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Is superior mutual fund performance skill or just luck?

|Written By Alan Acton
Is superior mutual fund performance skill or just luck?

Investment management is certainly a challenging field. On a daily basis, many variables affect securities prices and the value of investment portfolios worldwide. Certainly no one individual possesses a crystal ball that can predict the future.

Warren Buffett, who is affectionately dubbed “The Oracle of Omaha,” will readily admit even he cannot accurately predict future market events. However, Buffett has managed to outperform the stock market by a wide margin, joining the few investors who have. However, what is the contributing factor to this outperformance? Is it actual skill, or just luck?

John Rogers of Chicago-based Ariel Investment Trust presents an interesting illustration on this topic. He states that the best test of any activity where skill is rewarded is the extent to which a participant can lose on purpose.

For example, a chess grandmaster will outclass a beginner almost every time, but could choose to play badly enough to lose to anyone. By contrast, it would be impossible to lose every time at a slot machine, because the outcome is determined strictly by luck.

Rogers decided to test this skill v. luck theory as it pertains to investment management, and asked 71 of his staff members to pick 10 stocks that would underperform the market for the second quarter of 2009.

Only 19 succeeded, meaning 73 per cent tried to lose on purpose but failed. The average return of the “loser” picks was 30 per cent, compared to a total return of 15.93 per cent for the S&P 500 index. Thus, if one can’t lose on purpose, then winning must also be due to luck.

For decades academics have argued that stock markets are efficient. That is, securities prices reflect all public information, and that future price movements will be determined by random and unpredictable future events. Thus, trying to identify mispriced securities and get a “deal” on stocks is a futile task.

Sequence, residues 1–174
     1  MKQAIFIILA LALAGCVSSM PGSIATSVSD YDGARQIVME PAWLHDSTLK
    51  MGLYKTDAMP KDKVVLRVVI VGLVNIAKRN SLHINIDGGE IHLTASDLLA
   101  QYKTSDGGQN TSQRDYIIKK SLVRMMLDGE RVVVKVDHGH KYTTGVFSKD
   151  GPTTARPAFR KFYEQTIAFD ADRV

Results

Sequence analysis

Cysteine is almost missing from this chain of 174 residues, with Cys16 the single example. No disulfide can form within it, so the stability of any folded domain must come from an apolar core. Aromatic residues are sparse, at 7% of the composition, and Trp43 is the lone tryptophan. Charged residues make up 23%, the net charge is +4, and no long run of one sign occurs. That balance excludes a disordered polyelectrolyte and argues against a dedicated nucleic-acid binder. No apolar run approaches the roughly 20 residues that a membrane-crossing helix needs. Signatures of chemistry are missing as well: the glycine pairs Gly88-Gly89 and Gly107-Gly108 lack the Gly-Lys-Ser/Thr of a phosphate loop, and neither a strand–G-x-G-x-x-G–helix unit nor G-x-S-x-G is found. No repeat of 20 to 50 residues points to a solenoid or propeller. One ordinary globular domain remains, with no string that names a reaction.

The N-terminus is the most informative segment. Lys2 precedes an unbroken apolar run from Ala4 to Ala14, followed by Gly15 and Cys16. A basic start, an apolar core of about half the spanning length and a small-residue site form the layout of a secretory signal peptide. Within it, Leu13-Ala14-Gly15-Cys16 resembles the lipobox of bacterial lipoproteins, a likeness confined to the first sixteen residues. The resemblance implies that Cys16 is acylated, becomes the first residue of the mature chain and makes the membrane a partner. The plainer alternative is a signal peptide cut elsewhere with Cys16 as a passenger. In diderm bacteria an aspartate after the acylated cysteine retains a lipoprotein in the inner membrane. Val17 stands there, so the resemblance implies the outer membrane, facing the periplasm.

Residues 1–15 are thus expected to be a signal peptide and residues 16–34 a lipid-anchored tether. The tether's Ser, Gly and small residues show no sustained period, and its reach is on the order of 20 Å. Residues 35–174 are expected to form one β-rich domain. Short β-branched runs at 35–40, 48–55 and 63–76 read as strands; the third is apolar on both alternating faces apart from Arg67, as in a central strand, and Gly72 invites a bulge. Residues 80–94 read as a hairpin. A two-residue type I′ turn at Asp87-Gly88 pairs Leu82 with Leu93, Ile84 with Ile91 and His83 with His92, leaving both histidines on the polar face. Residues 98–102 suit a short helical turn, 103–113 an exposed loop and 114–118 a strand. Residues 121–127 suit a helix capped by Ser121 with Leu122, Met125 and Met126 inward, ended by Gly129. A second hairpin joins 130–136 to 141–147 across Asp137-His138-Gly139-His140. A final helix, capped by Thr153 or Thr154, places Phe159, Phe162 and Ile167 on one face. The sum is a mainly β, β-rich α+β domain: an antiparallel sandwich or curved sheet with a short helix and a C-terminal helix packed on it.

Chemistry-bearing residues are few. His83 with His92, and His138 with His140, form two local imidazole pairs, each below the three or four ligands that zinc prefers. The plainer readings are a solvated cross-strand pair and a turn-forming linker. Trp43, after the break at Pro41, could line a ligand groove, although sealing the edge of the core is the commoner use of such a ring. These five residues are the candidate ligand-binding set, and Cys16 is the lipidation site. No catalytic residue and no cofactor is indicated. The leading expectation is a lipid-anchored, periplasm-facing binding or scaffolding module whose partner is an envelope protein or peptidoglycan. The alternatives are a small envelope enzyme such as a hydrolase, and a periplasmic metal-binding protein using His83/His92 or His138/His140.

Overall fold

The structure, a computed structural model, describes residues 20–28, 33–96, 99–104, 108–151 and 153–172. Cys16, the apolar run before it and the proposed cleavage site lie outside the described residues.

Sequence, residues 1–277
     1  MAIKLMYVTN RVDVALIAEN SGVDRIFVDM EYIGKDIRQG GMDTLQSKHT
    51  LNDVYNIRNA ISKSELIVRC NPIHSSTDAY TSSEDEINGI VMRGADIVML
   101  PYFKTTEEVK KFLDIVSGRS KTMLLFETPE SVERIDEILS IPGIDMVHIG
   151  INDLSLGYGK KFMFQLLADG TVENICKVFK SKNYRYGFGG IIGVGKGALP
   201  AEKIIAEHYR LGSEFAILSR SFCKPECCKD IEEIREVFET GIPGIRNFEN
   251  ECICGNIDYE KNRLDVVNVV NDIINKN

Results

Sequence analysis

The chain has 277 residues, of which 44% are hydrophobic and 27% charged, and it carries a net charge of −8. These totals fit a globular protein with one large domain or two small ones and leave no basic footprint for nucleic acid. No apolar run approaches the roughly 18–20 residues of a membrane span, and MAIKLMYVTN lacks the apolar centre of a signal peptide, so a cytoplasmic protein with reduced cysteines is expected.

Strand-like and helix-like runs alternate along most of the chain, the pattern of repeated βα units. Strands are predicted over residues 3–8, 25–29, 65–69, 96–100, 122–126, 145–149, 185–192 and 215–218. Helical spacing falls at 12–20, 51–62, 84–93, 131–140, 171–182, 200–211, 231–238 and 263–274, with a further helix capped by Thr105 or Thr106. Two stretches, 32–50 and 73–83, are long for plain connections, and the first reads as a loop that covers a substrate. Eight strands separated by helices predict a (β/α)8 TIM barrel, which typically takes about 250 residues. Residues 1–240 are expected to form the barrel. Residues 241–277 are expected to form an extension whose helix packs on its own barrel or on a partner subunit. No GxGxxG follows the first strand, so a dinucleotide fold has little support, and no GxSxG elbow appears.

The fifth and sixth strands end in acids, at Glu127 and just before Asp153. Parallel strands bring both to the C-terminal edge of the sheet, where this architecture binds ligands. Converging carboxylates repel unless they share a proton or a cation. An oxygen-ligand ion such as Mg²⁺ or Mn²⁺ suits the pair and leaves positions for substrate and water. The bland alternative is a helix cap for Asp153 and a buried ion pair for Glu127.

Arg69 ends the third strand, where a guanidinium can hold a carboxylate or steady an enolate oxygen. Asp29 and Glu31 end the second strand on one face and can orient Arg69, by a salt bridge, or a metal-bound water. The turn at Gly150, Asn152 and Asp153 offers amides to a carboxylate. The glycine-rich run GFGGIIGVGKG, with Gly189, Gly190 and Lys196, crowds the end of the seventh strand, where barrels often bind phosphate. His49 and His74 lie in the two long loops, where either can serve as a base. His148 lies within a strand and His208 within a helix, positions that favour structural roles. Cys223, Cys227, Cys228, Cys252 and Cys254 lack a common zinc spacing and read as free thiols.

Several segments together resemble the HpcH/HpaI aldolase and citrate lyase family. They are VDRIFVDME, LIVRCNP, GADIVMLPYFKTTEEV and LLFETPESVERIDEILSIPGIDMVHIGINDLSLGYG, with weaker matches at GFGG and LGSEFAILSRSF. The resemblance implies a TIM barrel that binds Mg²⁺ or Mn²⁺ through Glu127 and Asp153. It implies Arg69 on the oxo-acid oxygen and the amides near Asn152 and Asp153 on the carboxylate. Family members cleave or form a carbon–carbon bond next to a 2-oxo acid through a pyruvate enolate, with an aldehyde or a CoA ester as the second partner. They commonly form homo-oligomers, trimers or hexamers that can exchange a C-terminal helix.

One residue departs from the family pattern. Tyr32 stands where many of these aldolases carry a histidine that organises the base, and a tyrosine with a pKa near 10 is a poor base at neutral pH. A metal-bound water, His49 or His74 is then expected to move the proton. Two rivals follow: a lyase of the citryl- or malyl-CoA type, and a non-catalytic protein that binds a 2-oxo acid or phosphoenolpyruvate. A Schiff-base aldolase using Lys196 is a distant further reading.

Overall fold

Over longer periods, we continue to observe indices outperforming the majority of domestic funds. In three- and five-year periods, only 12.5 per cent and 7.4 per cent, respectively, of actively managed Canadian equity mutual funds have outperformed the S&P/TSX composite index.

The implications of that are:

1.    Some mutual funds will outperform the market mostly due to luck; thus

2.    Don’t waste time trying to identify lucky money managers; if you want market returns, just buy the market index.

Investors are certainly getting on board with this idea — investment in exchange-traded funds or ETFs, which are mostly passive investments that track stock market index returns, is growing. Canadian ETF assets have increased to over $30 billion. This represents a 29.6-per-cent growth rate over the last five years. By contrast, mutual fund assets, most of which are traditionally managed products, have only grown 5.6 per cent over the same period.

What does the Oracle of Omaha say? From his chairman’s letter in the Berkshire Hathaway Inc. 1996 annual report: “Most investors, both institutional and individual, will find that the best way to own common stocks is through an index fund that charges minimal fees.”

Probably the best investment advice he has given yet.

Alan Acton is a financial adviser in Ottawa and can be reached at The opinions expressed are those of Alan Acton and not necessarily those of Raymond James Ltd. Statistics, data, and other information are from sources believed to be reliable but their accuracy cannot be guaranteed. This document has been prepared to assist individuals with financial concepts and is for informational purposes only.